The trick for Ferlic was to be able to carve out time to have great training sessions, but then also find a rhythm in the other areas of your life. He believes that, “when you’re running well or you’re working well, they feed into each other.” It’s all about the attitude for Ferlic, because when your training is going well, you’re fit, and you’re taking care of yourself, everything is working smoothly. You then take this positivity from running and it effects your school/work in the same way.
“Setting aside different goals in different areas and not letting them overlap is useful...running is an outlet from the stress of school and school is an outlet for the stress of thinking about running [for Ferlic].” It’s like a scale, where in order to be balanced and remain steady, you need to place something on either side. One is not a negative distraction from the other, but instead a beneficial one that allows you to take your mind off of focusing on one thing too long. This allows you to avoid burnout and overstress.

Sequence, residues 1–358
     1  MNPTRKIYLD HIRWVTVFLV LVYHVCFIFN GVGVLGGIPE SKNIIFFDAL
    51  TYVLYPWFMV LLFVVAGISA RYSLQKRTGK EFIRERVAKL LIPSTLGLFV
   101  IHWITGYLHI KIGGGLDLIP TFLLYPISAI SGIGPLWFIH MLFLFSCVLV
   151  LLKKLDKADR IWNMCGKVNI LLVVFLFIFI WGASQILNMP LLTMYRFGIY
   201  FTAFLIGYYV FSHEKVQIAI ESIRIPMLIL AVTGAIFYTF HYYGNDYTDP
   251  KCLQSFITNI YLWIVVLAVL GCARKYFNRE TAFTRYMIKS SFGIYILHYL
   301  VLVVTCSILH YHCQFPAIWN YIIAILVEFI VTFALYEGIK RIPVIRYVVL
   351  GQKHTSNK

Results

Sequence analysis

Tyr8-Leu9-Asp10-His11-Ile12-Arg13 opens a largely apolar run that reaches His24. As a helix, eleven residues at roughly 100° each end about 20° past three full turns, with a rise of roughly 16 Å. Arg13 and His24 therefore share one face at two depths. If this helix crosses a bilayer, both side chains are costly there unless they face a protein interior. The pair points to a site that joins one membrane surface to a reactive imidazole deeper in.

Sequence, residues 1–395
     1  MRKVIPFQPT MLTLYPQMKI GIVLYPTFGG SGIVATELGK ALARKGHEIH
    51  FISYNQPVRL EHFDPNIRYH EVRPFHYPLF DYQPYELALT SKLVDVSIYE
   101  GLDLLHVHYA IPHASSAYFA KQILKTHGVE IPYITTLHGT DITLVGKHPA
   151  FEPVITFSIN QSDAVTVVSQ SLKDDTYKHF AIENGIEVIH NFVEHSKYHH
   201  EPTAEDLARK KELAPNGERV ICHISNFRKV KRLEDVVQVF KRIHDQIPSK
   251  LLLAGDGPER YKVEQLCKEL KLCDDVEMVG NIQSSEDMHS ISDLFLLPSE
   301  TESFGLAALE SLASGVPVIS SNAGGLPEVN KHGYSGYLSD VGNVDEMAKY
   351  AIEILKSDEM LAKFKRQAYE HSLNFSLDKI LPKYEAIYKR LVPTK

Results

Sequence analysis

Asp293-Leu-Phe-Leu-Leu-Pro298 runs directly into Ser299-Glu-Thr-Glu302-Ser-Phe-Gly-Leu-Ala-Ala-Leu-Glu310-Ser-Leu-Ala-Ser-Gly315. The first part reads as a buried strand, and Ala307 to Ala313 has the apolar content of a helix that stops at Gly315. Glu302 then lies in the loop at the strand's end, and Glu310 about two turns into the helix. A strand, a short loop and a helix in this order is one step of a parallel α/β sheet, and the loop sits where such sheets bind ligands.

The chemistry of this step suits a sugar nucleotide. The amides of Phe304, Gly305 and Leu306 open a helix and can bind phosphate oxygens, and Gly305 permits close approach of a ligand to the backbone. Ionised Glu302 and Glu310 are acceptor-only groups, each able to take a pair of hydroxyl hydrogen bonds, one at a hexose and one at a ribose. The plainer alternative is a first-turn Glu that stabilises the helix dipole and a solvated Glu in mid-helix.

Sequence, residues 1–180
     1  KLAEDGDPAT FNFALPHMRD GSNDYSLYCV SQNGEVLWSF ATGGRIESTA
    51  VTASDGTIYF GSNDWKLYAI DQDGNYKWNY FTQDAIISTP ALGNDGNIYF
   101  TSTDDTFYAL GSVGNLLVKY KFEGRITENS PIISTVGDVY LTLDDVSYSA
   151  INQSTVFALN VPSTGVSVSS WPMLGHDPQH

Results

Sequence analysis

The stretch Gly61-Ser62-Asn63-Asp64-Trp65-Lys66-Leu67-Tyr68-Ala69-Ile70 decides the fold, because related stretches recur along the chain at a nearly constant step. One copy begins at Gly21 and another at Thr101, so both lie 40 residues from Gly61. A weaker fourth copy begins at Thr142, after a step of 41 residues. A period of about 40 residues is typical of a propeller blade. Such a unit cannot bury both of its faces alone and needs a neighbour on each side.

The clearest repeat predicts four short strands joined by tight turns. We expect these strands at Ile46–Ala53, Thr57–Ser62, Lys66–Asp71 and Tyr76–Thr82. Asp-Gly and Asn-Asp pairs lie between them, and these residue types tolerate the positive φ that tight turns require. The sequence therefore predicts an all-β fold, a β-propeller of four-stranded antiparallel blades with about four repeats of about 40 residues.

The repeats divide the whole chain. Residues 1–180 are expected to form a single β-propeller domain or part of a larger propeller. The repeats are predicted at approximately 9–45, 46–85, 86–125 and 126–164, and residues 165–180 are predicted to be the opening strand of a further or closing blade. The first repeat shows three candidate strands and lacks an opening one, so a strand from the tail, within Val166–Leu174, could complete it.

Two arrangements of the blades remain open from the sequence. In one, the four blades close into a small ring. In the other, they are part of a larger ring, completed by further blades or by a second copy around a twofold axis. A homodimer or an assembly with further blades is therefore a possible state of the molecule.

If the College Kids are Running so Well, Why Shouldn’t Pros have Jobs?
Ferlic says that, “[college] is the normal model for growth. Everyone is like, ‘go to college and get better’. If doing anything other than running was such an inhibitor, then you would see way more people [just going pro].”
He brings up another good point that some of Track and Field’s best athletes are college students. Oregon has runners like Cole Hocker and Cooper Teare who are tearing it up in the 800, mile, 3k, and 5k, while still being full time students. Athing Mu of Texas A&M this year broke the NCAA 800 record and also currently can boast having the fastest time in the world this year. Matthew Boling of Georgia is the reigning 200m indoor NCAA champion and with the win he claimed the fastest time in the world for the event at that time. Terrance Laird of LSU ran the third fastest time in the NCAA ever for his season opener, while simultaneously running the fastest 200m time in the world. These are just a few examples of the excellent performers currently still in college and excelling on the track.